Colour psychology and marketing strategies
Colour can massively influence the success of a marketing campaign. According to multiple scientific and psychological studies, each shade creates a different emotion in the viewer — from urgency to buy now, to trusting in a brand. With other experiments suggesting that colour can determine how long we can recall an offer or brand logo, it’s clear that being colour-savvy when designing a marketing campaign is essential.
Where The Trade Buys — a leading company specialising in bollard signs — has put together this interesting colour psychology guide to help…
How we perceive colour
Many professionals and experts debate the theory of colour psychology. However, there have been scientific studies into the connection between shades and sales that appear to show a strong correlation. According to a Canadian experiment, nearly 90% of snap decisions regarding consumer products are based solely on colour.
Does your business target mainly women or mainly men? If so, the following may interest you. A study published in the Journal of Retailing found that men believed savings were much greater in value if they was advertised in red rather than black, while the difference was much smaller among women. The imbalance of colour psychology between males and females was also apparent in the study, Colour Assignment. Although blue was popular across the board, this study found that purple was a second-favourite colour for women but the second-least favourite among men. Similarly, other studies on colour attractiveness found that softer hues are preferred by women, while bold shades were liked by men. Are you using the right hues for your main consumer?
Have a particular advertising purpose? Studies have shown that yellow is utilised to grab attention and should perhaps be the colour of choice in store windows, while red is most people’s key indicator of discount prices and ‘urgency’ and should be used on clearance sales posters for optimum effect. Also, both these shades are warm colours. According to an experiment, these are better at sticking in a viewer’s memory than cool colours (like blue and green). So, it might be good to use them on promotional ads to keep consumers thinking about your offer for longer, as well as your brand logo itself to ensure you come to mind when they next need a product or service you offer.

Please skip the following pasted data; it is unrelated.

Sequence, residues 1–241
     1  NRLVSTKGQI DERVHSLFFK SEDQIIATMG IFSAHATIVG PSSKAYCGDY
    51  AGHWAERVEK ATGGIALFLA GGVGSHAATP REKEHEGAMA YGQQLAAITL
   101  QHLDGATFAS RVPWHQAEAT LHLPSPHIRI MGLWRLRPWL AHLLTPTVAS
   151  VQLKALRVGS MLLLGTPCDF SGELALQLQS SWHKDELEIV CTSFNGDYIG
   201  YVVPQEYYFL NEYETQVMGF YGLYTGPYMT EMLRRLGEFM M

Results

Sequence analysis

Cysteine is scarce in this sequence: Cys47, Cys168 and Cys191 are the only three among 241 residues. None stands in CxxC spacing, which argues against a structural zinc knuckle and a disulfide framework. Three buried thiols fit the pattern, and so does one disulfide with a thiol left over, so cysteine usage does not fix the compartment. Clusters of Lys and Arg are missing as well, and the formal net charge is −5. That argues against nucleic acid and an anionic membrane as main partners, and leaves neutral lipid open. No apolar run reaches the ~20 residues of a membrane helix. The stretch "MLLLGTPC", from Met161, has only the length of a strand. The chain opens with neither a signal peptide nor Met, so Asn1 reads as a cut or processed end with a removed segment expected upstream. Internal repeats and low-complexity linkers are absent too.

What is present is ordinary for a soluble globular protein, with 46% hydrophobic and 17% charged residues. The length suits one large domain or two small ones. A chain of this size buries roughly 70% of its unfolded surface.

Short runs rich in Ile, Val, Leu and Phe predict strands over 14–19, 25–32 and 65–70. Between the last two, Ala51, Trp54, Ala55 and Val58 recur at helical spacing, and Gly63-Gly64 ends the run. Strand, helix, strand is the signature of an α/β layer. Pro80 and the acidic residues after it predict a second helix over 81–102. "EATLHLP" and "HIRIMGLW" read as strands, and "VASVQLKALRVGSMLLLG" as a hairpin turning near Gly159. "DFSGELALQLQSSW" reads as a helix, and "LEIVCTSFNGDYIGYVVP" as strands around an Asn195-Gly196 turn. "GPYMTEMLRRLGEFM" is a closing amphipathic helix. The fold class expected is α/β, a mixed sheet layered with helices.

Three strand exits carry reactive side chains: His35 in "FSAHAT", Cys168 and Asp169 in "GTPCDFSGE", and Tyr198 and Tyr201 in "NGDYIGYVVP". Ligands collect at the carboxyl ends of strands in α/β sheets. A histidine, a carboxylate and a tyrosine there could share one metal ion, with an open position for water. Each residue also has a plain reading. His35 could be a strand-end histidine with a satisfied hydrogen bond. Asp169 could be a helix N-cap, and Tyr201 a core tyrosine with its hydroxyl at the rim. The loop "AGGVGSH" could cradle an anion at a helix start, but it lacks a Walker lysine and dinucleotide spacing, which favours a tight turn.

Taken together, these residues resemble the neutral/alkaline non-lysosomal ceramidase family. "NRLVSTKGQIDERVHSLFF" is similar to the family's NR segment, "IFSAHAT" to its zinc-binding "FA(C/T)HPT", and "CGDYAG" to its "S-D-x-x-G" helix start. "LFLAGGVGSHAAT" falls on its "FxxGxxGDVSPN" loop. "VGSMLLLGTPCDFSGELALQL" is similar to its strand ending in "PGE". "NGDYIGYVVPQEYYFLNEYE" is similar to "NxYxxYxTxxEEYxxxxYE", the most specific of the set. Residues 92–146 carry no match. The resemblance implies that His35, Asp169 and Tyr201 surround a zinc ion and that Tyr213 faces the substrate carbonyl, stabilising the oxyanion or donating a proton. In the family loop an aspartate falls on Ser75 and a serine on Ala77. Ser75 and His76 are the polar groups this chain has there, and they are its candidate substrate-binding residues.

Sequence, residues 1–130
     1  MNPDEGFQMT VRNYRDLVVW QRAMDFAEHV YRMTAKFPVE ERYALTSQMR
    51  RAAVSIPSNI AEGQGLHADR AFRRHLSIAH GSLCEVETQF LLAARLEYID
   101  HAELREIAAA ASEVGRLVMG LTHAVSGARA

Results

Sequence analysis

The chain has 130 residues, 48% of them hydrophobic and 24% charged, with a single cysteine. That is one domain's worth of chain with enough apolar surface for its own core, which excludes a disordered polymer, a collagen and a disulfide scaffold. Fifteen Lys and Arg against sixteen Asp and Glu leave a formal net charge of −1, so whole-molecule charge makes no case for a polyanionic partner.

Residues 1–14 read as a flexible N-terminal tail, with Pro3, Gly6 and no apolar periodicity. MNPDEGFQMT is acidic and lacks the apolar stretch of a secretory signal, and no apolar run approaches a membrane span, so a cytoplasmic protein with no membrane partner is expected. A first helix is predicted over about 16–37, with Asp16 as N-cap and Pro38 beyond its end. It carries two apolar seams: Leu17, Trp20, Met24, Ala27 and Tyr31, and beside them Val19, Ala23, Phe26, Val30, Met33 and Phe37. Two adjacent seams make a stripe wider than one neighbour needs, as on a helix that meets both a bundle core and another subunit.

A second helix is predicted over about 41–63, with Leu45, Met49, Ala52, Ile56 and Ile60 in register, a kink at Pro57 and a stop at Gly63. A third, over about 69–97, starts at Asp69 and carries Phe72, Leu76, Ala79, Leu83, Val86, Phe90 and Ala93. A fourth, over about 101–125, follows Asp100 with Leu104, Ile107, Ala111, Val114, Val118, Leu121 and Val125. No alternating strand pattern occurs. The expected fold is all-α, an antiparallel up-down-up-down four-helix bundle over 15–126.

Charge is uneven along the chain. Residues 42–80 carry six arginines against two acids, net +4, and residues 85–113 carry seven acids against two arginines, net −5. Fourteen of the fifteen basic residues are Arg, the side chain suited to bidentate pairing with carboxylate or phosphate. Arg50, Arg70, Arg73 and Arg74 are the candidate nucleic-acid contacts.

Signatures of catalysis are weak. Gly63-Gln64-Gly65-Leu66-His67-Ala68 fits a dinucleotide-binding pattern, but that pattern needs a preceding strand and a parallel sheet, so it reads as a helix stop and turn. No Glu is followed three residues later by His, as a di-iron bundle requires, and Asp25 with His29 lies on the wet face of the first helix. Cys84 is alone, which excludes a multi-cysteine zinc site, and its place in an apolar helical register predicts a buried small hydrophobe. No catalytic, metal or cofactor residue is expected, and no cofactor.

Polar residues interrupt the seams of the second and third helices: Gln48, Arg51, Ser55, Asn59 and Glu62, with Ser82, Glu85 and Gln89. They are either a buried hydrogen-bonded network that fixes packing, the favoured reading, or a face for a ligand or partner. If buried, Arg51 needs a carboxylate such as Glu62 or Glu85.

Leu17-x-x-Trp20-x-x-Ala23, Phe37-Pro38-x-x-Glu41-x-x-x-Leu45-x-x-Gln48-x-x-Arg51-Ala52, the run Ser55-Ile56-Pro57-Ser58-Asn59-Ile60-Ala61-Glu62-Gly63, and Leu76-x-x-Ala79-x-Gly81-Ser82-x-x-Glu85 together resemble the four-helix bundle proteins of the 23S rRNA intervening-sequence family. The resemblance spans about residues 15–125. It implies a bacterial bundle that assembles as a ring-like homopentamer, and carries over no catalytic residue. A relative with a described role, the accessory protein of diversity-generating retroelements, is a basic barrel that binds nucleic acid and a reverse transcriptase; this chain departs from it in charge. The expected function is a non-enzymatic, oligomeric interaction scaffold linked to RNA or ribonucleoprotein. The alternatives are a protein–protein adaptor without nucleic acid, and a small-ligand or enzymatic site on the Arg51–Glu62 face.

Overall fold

Combination is key.Another study found that contrasting shades also improved readability — essential if you want your ads to be seen by more people from a greater distance.
You don’t have long to grab a customer’s attention, so the above is certainly worth considering regardless of how much you believe in the idea of colour psychology.
Colour psychology in practice
Various bands already capitalise on colour perception.According to research compiled by Kissmetrics, 85% of shoppers surveyed say colour is a primary reason for buying something. Also, it was found that colour boosts brand recognition by around 80%.
The colour you use for your logo may impact on how a consumer perceives the business. Here are the emotions associated with each colour and examples of the successful brands that use them:
|Yellow||Optimism and youth||ChupaChups and McDonalds|
|Green||Growth and relaxation||Starbucks and Asda|
|Pink||Romance and femininity||Barbie and Very|
|Purple||Creative and wise||Cadbury and Hallmark|
|Black||Power and luxury||Chanel and Adidas|
|Orange||Confidence and happiness||Nickelodeon and Fanta|
|Red||Energy and excitement||Coca Cola and Virgin Holidays|
|Blue||Trust and security||Barclays and the NHS|
Inciting trust for a bank is important, which may be why Barclays chose blue, while Starbucks wants you to relax at their coffee shops and Virgin Holidays wants you to get excited about booking a trip. Could this be why these brands picked these shades? According to June Mcleod, author of Colour Psychology Today: “One of the greatest assets and one of the easiest ways to sway decision or attract an emotive response — or alienate a consumer — is through colour. Purple with Cadbury; Shell with Yellow; National Trust with Green — they all work and work wonderfully well.”
80% of people think a colour is important for defining a brand. If you want your customers to gain a sense of loyalty and familiarity with your brand, the colour should reflect your brand’s products, services and character.
Advertising and the use of colour
Colour should, at least, be a discussion point during your marketing planning process. Take beer company, Carlsberg, for example. The marketing team here worked to rebrand using colour with great success. Using white for its Carlberg Export packaging and changing its formerlygreen bottles to brown; the company achieved 10,000 new distribution points and a sales increase of 10% in the 12 weeks leading to summer in 2017.
- Contrast: as we discovered, using opposite shades (e.g. red and green) can improve text clarity — essential considering you have just seven seconds to make a bold first impression.
- Demographic: there are clearly some difference in how men and women perceive colour.
- Red and yellow: use these on your large print ads to increase the chances of catching the eyes of passers-by.
- Personality: decide what you want consumers to think about your brand and choose a colour that reflects this ethos — whether it’s opulent (black) or fun (orange).
Is 2018 your year to enhance your marketing strategy?